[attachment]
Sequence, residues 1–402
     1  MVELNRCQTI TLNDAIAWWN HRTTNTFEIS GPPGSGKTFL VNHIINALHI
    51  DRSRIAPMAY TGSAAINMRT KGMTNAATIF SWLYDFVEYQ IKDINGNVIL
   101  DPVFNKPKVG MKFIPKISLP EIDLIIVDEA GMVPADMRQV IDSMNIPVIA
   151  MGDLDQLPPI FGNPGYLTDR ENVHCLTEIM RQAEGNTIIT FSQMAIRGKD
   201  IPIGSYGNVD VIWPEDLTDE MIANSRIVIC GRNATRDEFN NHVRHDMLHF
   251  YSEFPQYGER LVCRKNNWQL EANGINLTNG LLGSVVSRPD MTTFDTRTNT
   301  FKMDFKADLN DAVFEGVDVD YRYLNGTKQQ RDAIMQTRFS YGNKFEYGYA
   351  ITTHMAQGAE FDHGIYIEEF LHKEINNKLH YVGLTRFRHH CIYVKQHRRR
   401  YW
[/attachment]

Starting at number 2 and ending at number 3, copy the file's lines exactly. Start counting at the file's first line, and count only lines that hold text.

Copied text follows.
     1  MVELNRCQTI TLNDAIAWWN HRTTNTFEIS GPPGSGKTFL VNHIINALHI
    51  DRSRIAPMAY TGSAAINMRT KGMTNAATIF SWLYDFVEYQ IKDINGNVIL